The following are just 10 simple tips for making yourself a better partner in the dojo. These are all relatively simple and obvious, but it's good to have them out there in the open. I'm sure we've all been matched up with someone over the years that could benefit from accidentally stumbling onto this list...
Remember, you get what you put in. The better partner you are, the more your partner will want to return the favor and everyone gets better that much faster.
10. Don't Stink
If you're waiting for some kind of metaphor here you're out of luck. The first thing you owe everyone at the dojo (and yourself) is to practice good hygiene. There's nothing worse than being paired up with someone who smells bad, looks like they haven't washed or forgot how their laundry machine works. You're there for them just as much as they are for you so clean up! Clean gear and regular showers please. It's not just for comfort but for your health also.
Joking around sometimes is alright and so is being really focused, but don't go to the extreme on either side. Goofing around to the point of losing focus will get someone hurt. On the same note, being too much of a robot can lead to escalation in the drills with the same end result. Remember, it's fighting. No matter how good you are it's still the art of inflicting damage on someone...easy to get hurt. Find a comfortable pace that generates hard work and stay vocal. Communicate with your partner at all times and try to make the experience friendly. If not friendly, at the very least try to not be an asshole.
8. Ask Questions
If you're with someone you don't know too well keep in mind that they might be new to the school or style. If that is the case, remember that what might be an easy drill to you could be confusing to them. Ask questions to the instructor if there is any room for doubt. There's nothing wrong with that at all and even if it's not for you someone in the class (maybe even your partner) might have been wondering that and was too nervous to ask. Don't do it just to be nice, ask because if it's not clear someone will get hurt. Also it's good to be nice.
7. Speak Up
This was mentioned earlier, but to be more specific make sure you're giving your partner feedback on their performance. You can easily "cheat" or set a pace to a drill that hides their mistakes or makes them feel like they're doing it right when they're not. Talk to your partners and you can expect the same in return. This allows us all to grow that much faster and avoids developing bad habits. I had been dropping my right hand when jabbing and finally my boxing coach pointed that out to me. The alternative was to get knocked out, so thanks for speaking up!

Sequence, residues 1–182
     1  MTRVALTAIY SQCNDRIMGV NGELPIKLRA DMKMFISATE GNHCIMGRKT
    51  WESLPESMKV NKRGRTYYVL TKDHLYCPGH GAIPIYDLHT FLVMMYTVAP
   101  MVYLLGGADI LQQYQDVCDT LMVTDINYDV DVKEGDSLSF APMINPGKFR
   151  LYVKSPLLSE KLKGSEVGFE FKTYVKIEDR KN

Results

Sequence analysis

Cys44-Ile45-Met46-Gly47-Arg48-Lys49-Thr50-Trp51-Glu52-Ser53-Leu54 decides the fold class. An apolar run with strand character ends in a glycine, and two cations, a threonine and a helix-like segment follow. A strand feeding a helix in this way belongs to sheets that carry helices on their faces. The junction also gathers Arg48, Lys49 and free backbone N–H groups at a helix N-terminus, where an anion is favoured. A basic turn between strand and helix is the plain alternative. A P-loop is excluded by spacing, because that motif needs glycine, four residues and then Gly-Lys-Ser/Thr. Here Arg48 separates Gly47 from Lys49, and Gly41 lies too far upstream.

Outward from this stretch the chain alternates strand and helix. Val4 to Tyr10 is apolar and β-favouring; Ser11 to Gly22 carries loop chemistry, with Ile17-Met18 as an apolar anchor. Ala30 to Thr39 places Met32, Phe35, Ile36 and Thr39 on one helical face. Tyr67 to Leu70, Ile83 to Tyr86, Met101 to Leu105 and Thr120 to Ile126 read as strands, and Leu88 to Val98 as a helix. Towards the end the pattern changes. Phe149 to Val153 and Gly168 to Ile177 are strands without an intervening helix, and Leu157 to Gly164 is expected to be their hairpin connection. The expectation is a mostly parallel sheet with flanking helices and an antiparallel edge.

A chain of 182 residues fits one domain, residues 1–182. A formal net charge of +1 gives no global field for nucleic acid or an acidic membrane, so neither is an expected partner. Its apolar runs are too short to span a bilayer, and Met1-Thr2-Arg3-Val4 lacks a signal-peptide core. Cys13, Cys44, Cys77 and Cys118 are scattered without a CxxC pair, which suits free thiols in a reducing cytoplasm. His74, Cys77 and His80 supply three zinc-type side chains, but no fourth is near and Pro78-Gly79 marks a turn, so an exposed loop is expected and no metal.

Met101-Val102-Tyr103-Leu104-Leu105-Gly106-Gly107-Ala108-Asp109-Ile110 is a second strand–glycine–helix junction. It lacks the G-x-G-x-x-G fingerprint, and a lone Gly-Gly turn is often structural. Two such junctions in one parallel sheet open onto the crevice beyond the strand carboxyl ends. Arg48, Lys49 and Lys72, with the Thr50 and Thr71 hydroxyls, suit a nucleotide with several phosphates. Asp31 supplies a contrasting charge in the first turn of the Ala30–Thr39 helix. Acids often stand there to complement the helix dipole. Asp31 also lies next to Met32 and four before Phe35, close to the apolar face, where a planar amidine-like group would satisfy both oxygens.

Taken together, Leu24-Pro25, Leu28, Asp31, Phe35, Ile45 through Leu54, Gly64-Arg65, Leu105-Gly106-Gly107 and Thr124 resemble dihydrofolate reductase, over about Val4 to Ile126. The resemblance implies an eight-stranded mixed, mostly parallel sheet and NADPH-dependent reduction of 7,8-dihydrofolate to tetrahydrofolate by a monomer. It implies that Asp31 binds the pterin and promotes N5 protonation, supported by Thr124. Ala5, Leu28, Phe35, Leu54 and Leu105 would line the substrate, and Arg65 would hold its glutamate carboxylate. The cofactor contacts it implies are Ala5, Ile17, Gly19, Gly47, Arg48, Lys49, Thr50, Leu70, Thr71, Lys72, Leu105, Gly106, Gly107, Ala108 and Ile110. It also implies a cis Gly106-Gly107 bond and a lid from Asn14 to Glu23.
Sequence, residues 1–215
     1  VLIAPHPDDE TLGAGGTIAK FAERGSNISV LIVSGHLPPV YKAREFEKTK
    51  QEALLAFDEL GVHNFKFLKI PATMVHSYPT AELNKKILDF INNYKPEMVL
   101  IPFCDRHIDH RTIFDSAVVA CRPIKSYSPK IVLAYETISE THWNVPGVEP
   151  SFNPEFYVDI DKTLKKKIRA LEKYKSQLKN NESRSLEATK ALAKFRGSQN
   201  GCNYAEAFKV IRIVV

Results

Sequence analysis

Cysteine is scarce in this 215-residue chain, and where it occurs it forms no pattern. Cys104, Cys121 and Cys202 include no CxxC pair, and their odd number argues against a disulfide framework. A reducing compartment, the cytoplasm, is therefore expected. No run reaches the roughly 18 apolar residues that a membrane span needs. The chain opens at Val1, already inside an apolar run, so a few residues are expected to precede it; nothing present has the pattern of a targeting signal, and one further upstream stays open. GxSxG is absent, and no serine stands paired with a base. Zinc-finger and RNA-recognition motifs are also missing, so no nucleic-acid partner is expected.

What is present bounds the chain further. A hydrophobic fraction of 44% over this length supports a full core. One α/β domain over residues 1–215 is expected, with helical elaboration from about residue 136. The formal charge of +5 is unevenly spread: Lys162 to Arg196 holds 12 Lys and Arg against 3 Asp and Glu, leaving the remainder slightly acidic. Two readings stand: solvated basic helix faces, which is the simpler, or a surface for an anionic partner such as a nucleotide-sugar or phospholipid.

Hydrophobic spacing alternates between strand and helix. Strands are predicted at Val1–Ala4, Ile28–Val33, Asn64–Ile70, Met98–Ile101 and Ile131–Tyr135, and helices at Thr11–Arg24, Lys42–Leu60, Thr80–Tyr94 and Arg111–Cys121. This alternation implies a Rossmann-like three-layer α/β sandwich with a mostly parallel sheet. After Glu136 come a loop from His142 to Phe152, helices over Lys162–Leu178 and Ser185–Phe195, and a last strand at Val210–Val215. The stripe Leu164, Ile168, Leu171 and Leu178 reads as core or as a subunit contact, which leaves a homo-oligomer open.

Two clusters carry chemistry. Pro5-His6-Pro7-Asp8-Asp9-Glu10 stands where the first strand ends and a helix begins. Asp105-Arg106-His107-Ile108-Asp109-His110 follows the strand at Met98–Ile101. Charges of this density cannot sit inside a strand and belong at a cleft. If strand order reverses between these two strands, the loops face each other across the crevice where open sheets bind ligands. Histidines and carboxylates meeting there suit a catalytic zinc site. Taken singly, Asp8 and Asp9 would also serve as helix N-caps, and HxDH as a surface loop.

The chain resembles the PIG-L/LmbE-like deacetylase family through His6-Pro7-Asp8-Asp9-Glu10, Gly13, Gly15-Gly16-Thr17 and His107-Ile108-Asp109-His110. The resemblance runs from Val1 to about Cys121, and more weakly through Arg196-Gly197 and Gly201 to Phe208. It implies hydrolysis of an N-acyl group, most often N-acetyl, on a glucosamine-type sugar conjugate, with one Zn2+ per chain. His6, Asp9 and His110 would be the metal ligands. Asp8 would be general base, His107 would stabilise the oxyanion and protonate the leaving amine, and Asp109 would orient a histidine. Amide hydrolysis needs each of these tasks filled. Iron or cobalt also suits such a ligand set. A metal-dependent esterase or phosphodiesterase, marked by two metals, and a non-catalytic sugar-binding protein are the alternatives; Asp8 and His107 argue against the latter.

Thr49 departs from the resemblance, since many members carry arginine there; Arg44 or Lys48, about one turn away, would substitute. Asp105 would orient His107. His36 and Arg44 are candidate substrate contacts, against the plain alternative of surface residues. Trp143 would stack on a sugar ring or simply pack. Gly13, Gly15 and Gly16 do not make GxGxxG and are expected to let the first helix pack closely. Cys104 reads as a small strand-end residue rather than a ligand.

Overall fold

6. Be Consistent
This is easier said than done of course, because people have lives outside the dojo and there's just so much time we can put in. That being said, no matter how frequent you are try to be consistent. If you can only go twice a week, try to make it the same two days every week. You'd be surprised how many friendships can develop through training and if you and your partners can count on each other, that leads to you guys pushing each other also.
5. Switch it up
Naturally there will be people you are more comfortable with in training, but make sure you train with someone you haven't before once in a while. As much as it's good to have your partners that are familiar enough to push hard, it's important to work with a body type you haven't before. Everyone moves and reacts differently and if you can make your techniques work with just about anyone that means you're training well. Remember, you're not training to fight that one buddy, you're training to fight anyone. Take notes on yourself when training with a new partner and take it back to your partners to work on.